Beneath the present Christiansborg Palace lie the ruins of Bishop Absalon’s Castle and Copenhagen Castle.
In 1902 archaeologists discovered the remains of the Blue Tower, and in 1907 workmen were surprised to also discover the ruins of Absalon’s Castle while carrying out excavation work for the foundations of the new large castle, the third Christiansborg. The National Museum’s experts were called in, and the ruins, which lie beneath the inner palace courtyard, were uncovered. There was enormous public interest in the ruins, and it was therefore decided that they should not just be covered up again, but preserved for posterity. The reinforced concrete structure that was built in 1908 to cover over the ruins was the largest in Denmark at the time.
The ruins, which are underneath the castle square, were excavated in 1917. Thy have been open to the public since 1924. The Ruins Exhibition was renovated in the period 1974-1977 and remained essentially unchanged until the Palaces and Properties Agency opened the present exhibition on 20 May 2006.
According to Saxo, in 1167 Bishop Absalon of Roskilde built a castle on a small island outside the small town of Havn. The castle was surrounded by a curtain wall made of limestone from Stevns Cliffs. The remains of this curtain wall are preserved in the ruins, from which it can be seen how it was constructed. From Absalon’s castle, the foundations of some houses that lay within the curtain wall and a well have been preserved. When excavated, the well, a so-called ‘hulk well’ made from hollowed out oak trunks, contained several marble building fragments, which are thought to originate from a church within the bishop’s castle.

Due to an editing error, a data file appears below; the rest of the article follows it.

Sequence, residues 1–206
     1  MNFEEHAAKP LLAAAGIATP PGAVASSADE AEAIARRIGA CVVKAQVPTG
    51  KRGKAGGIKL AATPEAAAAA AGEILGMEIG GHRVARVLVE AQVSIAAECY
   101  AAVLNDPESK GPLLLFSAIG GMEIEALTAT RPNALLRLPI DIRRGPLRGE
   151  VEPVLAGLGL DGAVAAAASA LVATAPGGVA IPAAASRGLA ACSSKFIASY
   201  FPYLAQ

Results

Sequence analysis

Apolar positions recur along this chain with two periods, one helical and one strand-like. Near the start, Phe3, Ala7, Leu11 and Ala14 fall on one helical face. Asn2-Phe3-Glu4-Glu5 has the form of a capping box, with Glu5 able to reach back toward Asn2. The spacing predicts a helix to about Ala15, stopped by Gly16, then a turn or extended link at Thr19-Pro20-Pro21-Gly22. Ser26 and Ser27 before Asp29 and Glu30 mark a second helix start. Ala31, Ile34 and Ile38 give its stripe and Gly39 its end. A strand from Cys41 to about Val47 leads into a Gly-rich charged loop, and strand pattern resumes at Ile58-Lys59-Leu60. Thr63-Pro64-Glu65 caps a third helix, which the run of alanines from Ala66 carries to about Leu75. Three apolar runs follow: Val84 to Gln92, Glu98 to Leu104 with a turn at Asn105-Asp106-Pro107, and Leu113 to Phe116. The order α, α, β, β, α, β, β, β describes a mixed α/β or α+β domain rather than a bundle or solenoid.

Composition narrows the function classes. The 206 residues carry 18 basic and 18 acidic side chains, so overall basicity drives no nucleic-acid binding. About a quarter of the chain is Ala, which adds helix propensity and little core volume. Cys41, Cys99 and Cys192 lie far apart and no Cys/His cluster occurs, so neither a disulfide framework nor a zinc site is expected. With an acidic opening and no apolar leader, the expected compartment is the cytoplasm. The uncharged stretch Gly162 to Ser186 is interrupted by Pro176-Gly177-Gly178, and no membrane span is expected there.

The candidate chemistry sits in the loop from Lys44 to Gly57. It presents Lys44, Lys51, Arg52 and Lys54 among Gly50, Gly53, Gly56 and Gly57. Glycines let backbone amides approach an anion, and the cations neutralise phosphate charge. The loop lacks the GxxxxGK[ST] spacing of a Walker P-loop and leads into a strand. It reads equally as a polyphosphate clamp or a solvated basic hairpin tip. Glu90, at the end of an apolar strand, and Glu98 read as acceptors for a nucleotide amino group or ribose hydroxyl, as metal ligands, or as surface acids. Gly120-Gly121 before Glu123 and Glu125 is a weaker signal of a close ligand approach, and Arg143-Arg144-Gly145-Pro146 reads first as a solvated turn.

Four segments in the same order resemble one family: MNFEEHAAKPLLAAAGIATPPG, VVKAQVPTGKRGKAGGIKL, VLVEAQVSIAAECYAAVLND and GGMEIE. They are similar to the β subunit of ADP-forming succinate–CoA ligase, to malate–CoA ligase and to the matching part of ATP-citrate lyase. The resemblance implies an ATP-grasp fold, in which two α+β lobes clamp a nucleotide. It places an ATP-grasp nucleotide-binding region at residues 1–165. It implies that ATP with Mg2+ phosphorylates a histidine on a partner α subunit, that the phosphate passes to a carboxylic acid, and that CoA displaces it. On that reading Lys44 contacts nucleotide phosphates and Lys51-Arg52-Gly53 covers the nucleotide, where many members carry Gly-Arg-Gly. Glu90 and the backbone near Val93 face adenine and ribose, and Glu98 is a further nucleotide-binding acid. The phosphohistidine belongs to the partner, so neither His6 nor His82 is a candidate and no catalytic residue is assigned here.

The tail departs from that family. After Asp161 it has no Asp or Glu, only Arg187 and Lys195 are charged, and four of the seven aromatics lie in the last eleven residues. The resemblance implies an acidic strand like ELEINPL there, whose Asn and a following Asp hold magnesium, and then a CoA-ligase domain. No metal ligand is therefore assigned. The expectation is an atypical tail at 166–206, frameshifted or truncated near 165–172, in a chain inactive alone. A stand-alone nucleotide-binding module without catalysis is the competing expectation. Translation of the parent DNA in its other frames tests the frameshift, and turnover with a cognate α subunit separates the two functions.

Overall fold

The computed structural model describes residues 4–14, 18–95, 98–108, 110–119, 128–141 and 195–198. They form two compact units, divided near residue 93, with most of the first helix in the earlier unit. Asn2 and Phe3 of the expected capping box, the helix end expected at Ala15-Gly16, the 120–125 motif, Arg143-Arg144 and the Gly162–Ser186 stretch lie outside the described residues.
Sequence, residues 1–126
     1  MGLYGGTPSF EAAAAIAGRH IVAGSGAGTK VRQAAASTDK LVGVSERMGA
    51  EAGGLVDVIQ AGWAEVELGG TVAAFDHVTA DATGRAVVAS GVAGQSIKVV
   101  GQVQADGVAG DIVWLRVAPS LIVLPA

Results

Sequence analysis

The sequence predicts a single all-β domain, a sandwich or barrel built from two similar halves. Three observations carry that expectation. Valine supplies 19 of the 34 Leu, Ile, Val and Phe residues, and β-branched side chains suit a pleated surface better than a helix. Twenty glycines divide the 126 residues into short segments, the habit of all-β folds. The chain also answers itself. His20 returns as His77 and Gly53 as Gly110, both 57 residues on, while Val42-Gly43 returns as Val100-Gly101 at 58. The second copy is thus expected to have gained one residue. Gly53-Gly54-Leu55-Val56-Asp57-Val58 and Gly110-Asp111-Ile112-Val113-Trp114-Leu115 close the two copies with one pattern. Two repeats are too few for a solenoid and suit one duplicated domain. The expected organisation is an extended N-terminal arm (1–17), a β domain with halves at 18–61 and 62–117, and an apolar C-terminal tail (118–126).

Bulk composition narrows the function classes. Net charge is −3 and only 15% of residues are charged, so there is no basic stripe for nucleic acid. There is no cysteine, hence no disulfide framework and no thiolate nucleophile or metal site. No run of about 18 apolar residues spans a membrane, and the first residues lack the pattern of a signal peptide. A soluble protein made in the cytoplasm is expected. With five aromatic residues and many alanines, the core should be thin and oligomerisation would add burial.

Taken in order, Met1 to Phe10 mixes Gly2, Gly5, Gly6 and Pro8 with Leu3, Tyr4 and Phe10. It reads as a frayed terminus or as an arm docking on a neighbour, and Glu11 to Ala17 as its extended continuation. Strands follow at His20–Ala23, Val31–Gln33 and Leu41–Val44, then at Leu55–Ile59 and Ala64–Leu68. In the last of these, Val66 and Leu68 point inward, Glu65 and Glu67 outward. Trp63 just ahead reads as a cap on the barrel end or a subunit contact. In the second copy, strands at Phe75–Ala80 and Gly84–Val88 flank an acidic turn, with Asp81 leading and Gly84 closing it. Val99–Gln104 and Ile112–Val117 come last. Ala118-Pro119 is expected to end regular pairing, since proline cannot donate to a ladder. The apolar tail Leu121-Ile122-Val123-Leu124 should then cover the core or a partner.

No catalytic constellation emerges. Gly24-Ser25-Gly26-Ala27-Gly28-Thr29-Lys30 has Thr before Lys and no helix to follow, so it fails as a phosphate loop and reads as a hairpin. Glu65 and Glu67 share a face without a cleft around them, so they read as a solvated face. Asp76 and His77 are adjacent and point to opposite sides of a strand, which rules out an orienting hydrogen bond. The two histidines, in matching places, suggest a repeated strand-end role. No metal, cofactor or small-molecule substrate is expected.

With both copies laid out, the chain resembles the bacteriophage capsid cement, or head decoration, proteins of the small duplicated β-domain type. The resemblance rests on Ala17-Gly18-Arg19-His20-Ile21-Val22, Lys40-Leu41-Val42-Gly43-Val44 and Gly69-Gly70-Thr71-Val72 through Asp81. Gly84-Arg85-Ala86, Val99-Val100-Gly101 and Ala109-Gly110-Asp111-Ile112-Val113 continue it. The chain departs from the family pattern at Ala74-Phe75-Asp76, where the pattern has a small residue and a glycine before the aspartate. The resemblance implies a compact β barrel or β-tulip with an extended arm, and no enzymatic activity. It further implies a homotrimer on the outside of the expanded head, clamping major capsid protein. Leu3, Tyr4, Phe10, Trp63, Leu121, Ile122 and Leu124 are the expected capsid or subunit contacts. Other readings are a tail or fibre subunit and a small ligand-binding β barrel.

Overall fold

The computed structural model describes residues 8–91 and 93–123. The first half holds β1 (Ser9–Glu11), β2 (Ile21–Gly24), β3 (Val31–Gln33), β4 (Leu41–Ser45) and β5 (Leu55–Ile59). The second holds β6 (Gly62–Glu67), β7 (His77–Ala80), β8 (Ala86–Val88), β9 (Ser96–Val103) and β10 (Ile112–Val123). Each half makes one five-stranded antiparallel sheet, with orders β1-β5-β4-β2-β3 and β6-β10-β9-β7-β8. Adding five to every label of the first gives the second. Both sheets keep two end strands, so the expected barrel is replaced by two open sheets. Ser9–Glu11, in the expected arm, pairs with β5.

Absalon’s castle stood for 200 years, and in the ruins it is possible to follow how the castle’s owners developed and renewed it. The castle was frequently under attack, for example by Wend pirates and the Hanseatic cities, and in both 1249 and 1259 it was taken and plundered.
In 1369 the castle was again taken, this time by Valdemar Atterdag’s enemies from the Hansa League. The castle had long been a great nuisance to the Hanseatic cities’ trade in the Sound, so they sent stonemasons to demolish the castle stone by stone. As Denmark still had considerable interests to defend in the area, a new castle was soon built on the site:
The new castle had a curtain wall and was surrounded by a moat with a large solid tower as an entranceway. The castle remained the property of the Bishop of Roskilde, but King Erik of Pomerania usurped the rights to the castle in 1417. From then on the castle in Copenhagen was owned by the king.
Copenhagen Castle was rebuilt many times. Among other things, Christian IV added a spire to the large entrance tower, the Blue Tower, which became known as a prison tower. In the 1720s Frederik IV completely rebuilt the castle, but it became so heavy that the walls began to give way and crack. It was therefore evident to Frederik IV’s successor, Christian VI, that a completely new castle should be built. In 1731 work began on demolishing Copenhagen Castle to make room for the first Christiansborg.
See the opening hours of the Ruins here.Last updated:: Tuesday, March 26, 2013